I saw it when I was quite young and may not have fully appreciated the real plot/subtext. So perhaps this analogy is off base (or unfair to Jeff Bridges' Oscar nominated performance), but nevertheless: I feel like Starman. I look like an adult human, but standard daily tasks keep giving me pause …sometimes long pauses - almost gratuitous pauses, like I’m exploiting your willing suspension of disbelief.
But here’s Exhibit A) A dinner I cooked for us and an archaeologist friend of The Archaeologist:
It’s not a fancy nor complicated dinner (and the above picture doesn't make it look too appetizing even). I’ve made it numerous times before, often as a last minute meal. But enter Starman. Starman circles the grocery store over and over as if mesmerized by the many aisles and raw meat. Finally deciding on chicken and peppers over rice, Starman is pleased with herself – she’s found food to make for dinner. She’s feeling more like a regular adult human until she realizes that the dish needs spices, and it turns out that very few of the spices have familiar names – return Starman. Let’s stare at spices for a while alternating between expressions of dumbfounded unfrozen caveman and Sherlock Holmes trying to glean some obscure context clue. Meanwhile, Half-O is oblivious and/or unsympathetic to the Starman syndrome – she hasn’t seen the movie and is sick of sitting in the grocery cart. So she decides to knock a bunch of little dishes to the ground so I could look like an awkward and apologetic mime in front of an unfortunate store employee who thankfully was willing to participate in a game of charades. Here’s the dish we took home:
It was only mildly chipped – unlike the other four that were smashed to smithereens. They were like $0.75 a piece. But convert that to the going rate for dignity, and it was kind of expensive. I’m the idiot that spends near an hour at the grocery store – a good chunk of that time staring at 5 shelves of spices – and has no idea what her child is doing. But also – who places a random stack of breakable dishes at the height of a child buckled into a shopping cart? Also, why did the U.S. have to go with pounds instead of grams? I think the Declaration of Independence, the subsequent wars/victories, the Louisiana Purchase et al, and prior to 2008, a dominant economy are enough to prove that we’re our own man. Having our own weights and measures just seems haughty at this point and is currently a bit of a hassle for me.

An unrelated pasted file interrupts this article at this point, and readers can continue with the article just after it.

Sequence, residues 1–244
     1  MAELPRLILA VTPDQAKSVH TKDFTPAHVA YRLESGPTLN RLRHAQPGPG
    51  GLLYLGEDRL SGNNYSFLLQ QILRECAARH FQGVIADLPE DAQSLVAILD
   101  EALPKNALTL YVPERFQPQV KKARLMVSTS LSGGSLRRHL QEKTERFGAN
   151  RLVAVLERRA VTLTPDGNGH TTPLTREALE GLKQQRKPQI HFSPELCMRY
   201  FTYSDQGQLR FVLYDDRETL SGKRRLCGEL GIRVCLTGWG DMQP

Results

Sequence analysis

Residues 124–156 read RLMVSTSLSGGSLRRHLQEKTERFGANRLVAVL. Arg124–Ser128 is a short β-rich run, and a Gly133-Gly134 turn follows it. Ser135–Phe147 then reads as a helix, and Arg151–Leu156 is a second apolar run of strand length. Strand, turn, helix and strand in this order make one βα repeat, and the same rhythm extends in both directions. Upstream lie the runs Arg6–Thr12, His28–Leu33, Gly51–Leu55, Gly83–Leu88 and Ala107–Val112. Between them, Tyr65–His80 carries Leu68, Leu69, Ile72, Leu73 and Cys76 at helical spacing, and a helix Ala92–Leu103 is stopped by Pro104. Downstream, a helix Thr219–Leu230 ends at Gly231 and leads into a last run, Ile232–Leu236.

Oh – and as for the spices, I was hoping I got garlic, pepper, and ginger. I got garlic, pepper, and cinnamon. In my (re: Starman’s) defense, I don’t think the store had ginger. But, I figured ginger and cinnamon are kind of similar – both can be sweet but also have a bit of heat – so I used it anyway – just not very much.
Alright, now it’s time to cook the food. There’s some more pausing as Starman debates how best to clean the peppers – do I need to use bottled water? Is that a waste? Does the oil get hot enough to kill the germs? Then there’s the stove:
I don’t mind that it’s small. The height is a bit of a worry as Half-O can reach it, but she understands hot and steers clear. What summons Starman is that it requires that I light a match and hold that lit match near flowing gas in order to get a burner going. I realize this is not a problem for most people. I, however, have a slight fear of fire. Fire bad (sorry, I can't find the actual clip). I don’t think I lit a match until I was a teenager. But I did it, and then had to do it like 10 more times before the chicken and peppers were done as I kept turning off the gas when I was just trying to lower the heat.
So Starman made dinner, and it was good (we just had ice cream for dessert). I guess I should be glad that I didn’t have to begin my journey of discovery in the buff like Starman – customs would have been a bit more interesting. Do you think we would have been flagged, or moved right through since I clearly had nothing to hide?